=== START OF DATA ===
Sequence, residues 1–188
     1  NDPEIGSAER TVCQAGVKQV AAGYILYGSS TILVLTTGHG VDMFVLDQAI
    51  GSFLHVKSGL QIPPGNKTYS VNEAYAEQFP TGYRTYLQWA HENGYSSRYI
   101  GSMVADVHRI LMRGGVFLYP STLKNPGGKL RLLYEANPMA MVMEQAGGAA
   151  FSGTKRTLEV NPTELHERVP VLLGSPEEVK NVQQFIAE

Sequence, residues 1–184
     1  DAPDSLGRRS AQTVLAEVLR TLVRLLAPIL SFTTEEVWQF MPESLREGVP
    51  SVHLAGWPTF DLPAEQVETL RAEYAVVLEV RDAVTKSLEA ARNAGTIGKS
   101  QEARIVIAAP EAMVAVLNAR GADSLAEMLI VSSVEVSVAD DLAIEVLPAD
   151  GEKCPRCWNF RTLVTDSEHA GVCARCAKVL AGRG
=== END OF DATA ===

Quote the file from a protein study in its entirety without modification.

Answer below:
Sequence, residues 1–188
     1  NDPEIGSAER TVCQAGVKQV AAGYILYGSS TILVLTTGHG VDMFVLDQAI
    51  GSFLHVKSGL QIPPGNKTYS VNEAYAEQFP TGYRTYLQWA HENGYSSRYI
   101  GSMVADVHRI LMRGGVFLYP STLKNPGGKL RLLYEANPMA MVMEQAGGAA
   151  FSGTKRTLEV NPTELHERVP VLLGSPEEVK NVQQFIAE

Sequence, residues 1–184
     1  DAPDSLGRRS AQTVLAEVLR TLVRLLAPIL SFTTEEVWQF MPESLREGVP
    51  SVHLAGWPTF DLPAEQVETL RAEYAVVLEV RDAVTKSLEA ARNAGTIGKS
   101  QEARIVIAAP EAMVAVLNAR GADSLAEMLI VSSVEVSVAD DLAIEVLPAD
   151  GEKCPRCWNF RTLVTDSEHA GVCARCAKVL AGRG